Bullshit. In your hypothetical, God exists, and orders me to kill my kid. You said you wouldn't do it because its immoral, though if God exists, you have no moral authority to appeal to, no principle greater than He to appeal to that obligates Him to act differently.

"It's not even certain that God is commanding you to do anything at all."

So in your hypothetical, is God ordering me to kill someone or are you not certain? I can't keep up with you constantly moving the goal posts of this discussion.

" then he shouldn't act worse than he expects of his creations."

What principle would you be appealing to that obligates God to act "worse than he expects of his creations"?

highboy said...

"What do you call a parent who takes illegal drugs while telling his kids to stay clean? One applicable term is hypocrite. "

That would make sense save for the fact that your using a humanist code of morality for a baseline, using two examples of humans in your scenario, and then completely ignoring the fact that God is not human. Not to mention neither you nor creeper have given a source for the authority or principle that God is suppose to subject Himself to.

So lets try this again for umpteenth time: if God exists, what moral obligation does He have to behave a certain way toward what He Himself created? I'm looking for the authority or principle that is higher than God in this scenario that dictates what His actions should or should not be toward what He created.

creeper said...

Creeper: "So the Bible can contain mistakes then?"

Highboy: "Not if its divinely inspired not to have any. Since it doesn't...."


Since it does, it can clearly not be divinely inspired not to have any. Maybe it was divinely inspired in some other mysterious way.

Creeper: "And God didn't "inspire" the authors of the Bible with knowledge beyond their time or level of knowledge, right?"

Highboy: "So because God had ancient Hebrews write His Word in standard ancient Hebrew form that is somehow evidence in your mind that its not fallible? Weird."


Did you mean to say "that it is fallible" instead of "that it's not fallible"? Then the sentence would make sense. But no, as a plain reading of what I wrote earlier would clearly indicate, it makes the interpretation that it was written by humans without divine inspiration quite plausible and fully supported by the evidence. It's not evidence that God did not have anything to do with it, though the application of Occam's Razor would indicate that God did not.

"The explanation was actually that one account was a sequence of events while another count was a more detailed story of what happened as opposed to when. Hardly a contradiction."

Since both are presented as sequential narratives, but in different order, they do contradict each other. All you've done is provide an ad hoc explanation with no support whatsoever.

Creeper: "See, this is a golden opportunity for you to demonstrate those legendary reading comprehension skills that you always like to lord over other commenters."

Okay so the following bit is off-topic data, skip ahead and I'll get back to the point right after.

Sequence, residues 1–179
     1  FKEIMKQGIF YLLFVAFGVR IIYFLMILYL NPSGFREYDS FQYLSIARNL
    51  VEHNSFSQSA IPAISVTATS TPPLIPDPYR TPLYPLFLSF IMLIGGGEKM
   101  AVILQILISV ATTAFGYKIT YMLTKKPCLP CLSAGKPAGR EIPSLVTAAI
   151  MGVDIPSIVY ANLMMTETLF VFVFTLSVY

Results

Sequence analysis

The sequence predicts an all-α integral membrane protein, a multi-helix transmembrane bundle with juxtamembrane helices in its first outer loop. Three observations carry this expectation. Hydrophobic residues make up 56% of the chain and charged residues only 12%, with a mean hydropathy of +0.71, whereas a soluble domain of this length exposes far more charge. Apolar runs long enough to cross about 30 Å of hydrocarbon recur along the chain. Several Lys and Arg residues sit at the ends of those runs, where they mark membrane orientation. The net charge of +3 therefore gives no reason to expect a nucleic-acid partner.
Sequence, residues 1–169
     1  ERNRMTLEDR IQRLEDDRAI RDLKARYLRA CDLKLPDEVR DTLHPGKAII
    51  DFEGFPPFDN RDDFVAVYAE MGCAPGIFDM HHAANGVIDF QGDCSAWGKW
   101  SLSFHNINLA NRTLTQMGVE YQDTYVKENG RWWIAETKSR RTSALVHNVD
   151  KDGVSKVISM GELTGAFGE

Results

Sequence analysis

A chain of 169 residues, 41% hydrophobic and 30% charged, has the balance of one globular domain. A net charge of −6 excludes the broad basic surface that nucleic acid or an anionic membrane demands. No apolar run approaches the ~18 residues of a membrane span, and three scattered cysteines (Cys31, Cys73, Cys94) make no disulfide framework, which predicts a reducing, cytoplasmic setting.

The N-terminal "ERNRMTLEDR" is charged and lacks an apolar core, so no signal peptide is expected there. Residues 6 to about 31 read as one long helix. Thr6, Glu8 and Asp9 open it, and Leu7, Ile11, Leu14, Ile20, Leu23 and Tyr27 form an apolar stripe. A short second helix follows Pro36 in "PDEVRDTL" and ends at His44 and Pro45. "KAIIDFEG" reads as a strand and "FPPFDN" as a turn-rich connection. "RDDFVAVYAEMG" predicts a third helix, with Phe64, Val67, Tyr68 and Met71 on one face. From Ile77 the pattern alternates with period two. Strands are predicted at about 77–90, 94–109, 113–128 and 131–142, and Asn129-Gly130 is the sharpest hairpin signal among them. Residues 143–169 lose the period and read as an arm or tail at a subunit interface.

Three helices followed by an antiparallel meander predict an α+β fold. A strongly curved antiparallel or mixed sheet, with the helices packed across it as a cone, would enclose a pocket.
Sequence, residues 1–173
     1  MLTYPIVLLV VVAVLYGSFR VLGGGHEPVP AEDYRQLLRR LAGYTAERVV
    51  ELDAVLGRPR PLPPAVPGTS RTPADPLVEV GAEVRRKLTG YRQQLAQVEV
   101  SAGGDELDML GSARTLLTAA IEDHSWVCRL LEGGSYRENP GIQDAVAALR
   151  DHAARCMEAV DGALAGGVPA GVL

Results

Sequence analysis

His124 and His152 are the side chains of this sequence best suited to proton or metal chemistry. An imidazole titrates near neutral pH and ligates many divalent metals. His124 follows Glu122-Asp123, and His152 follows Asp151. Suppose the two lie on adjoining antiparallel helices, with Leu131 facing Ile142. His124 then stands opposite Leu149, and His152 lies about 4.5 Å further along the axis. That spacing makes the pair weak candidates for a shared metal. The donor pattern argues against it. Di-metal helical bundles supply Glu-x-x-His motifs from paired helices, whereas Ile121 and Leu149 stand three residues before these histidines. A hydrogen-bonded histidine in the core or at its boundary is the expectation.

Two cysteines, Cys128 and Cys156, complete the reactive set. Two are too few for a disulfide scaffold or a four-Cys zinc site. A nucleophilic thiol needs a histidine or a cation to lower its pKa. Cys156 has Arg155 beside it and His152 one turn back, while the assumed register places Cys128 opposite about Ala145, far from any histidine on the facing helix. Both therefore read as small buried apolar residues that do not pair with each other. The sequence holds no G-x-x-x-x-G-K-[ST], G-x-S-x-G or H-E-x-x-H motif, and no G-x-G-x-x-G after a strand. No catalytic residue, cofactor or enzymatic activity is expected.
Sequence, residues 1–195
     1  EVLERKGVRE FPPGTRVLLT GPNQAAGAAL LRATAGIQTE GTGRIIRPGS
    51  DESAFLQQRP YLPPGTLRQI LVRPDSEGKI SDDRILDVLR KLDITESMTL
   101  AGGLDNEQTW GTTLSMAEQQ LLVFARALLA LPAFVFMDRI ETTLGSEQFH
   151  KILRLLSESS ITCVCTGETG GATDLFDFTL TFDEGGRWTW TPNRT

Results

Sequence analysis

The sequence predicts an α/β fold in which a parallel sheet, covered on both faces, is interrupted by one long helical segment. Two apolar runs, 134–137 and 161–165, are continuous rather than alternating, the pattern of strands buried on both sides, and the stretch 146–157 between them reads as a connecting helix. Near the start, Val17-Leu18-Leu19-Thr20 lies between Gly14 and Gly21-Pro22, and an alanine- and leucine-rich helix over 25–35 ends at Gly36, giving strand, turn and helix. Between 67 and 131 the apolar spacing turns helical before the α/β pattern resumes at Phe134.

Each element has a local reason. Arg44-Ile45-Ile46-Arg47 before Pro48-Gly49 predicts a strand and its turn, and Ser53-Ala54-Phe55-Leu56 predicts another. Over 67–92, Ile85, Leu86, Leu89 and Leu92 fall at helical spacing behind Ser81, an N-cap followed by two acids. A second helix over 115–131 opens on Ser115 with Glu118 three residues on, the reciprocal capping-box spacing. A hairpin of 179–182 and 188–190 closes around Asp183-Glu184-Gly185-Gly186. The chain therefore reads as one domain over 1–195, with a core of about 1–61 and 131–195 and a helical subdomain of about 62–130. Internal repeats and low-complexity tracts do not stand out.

Highboy: "The discussion is there for all to see. You kept asserting that the passage got "pi" wrong and after posting two different links to two commentaries by experts in both ancient Hebrew literature and math you still insisted they were wrong."


See, even after specifically drawing your attention to it, you simply double down on the earlier knee-jerk reaction to an older argument (to which I responded in the earlier discussion, and you can respond to those points there) instead of taking a closer look at what I actually wrote:

"What would be a clear indication of divine authorship, on the other hand, would be a clear indication of something that was not on a par with human knowledge of the time, for example, pi correct to a hundred digits. But there are no such examples in the bible. It's exactly as if the thing were written by human beings. It's uncanny."

It's nothing to do with the Bible getting the ratio we know as pi wrong; it's a completely different point. Maybe you should lay off on those "reading comprehension" cracks; your own isn't all that hot.

Creeper: "Wow, quite a generalization. He - dare I say it - evolves quite a bit between Deuteronomy 20:10-17 and Matthew 5:38-42 / Luke 6:27-31."

Highboy: "Um, where is the contradiction? See, a contradiction would be if God said "thou shalt not commit adultery" and then commanded everyone commit adultery."


Or saying "go out and slaughter your enemies en masse" and then saying "Love your enemies, do good to those who hate you, bless those who curse you, pray for those who mistreat you. [...] Do to others as you would have them do to you."

If you don't see a contradiction or change here, then it appears to me you're just being willfully obtuse.

-- creeper

creeper said...

Creeper: "An unproven hypothesis, but if it makes you happy as a basis for morality, why not."

Highboy: "Genius, its a response to your hypothetical situation. God would have to exist first in order to command me to do something right? So if He exists, the infinite power, creator of all, what He says, literally is."